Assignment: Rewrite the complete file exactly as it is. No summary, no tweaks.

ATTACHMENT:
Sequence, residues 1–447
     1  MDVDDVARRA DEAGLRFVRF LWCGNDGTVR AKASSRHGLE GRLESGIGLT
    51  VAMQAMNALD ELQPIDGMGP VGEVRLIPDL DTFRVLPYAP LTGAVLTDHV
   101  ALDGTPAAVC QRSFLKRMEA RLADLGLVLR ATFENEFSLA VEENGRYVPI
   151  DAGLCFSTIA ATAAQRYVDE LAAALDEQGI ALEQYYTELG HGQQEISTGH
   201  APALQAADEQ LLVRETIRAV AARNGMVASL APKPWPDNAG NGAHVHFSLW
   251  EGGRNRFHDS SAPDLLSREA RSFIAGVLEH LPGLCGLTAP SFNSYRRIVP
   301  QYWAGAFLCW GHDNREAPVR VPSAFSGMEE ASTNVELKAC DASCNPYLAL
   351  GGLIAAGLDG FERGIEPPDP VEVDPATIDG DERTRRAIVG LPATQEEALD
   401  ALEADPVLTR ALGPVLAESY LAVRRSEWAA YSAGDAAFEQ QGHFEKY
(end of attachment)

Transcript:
Sequence, residues 1–447
     1  MDVDDVARRA DEAGLRFVRF LWCGNDGTVR AKASSRHGLE GRLESGIGLT
    51  VAMQAMNALD ELQPIDGMGP VGEVRLIPDL DTFRVLPYAP LTGAVLTDHV
   101  ALDGTPAAVC QRSFLKRMEA RLADLGLVLR ATFENEFSLA VEENGRYVPI
   151  DAGLCFSTIA ATAAQRYVDE LAAALDEQGI ALEQYYTELG HGQQEISTGH
   201  APALQAADEQ LLVRETIRAV AARNGMVASL APKPWPDNAG NGAHVHFSLW
   251  EGGRNRFHDS SAPDLLSREA RSFIAGVLEH LPGLCGLTAP SFNSYRRIVP
   301  QYWAGAFLCW GHDNREAPVR VPSAFSGMEE ASTNVELKAC DASCNPYLAL
   351  GGLIAAGLDG FERGIEPPDP VEVDPATIDG DERTRRAIVG LPATQEEALD
   401  ALEADPVLTR ALGPVLAESY LAVRRSEWAA YSAGDAAFEQ QGHFEKY